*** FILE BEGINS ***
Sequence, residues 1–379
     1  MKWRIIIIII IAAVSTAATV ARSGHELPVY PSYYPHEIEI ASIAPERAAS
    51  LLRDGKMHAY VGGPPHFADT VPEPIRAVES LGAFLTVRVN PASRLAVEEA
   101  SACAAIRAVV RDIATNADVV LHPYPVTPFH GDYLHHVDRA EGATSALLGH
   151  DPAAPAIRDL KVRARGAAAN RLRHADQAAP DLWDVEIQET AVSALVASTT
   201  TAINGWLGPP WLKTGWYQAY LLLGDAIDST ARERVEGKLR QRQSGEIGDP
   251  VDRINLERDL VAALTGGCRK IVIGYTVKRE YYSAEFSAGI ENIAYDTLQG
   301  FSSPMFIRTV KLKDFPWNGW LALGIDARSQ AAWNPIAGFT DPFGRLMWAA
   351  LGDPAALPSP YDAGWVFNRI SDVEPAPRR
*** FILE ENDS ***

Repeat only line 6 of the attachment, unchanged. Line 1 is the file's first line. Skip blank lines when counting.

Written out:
   201  TAINGWLGPP WLKTGWYQAY LLLGDAIDST ARERVEGKLR QRQSGEIGDP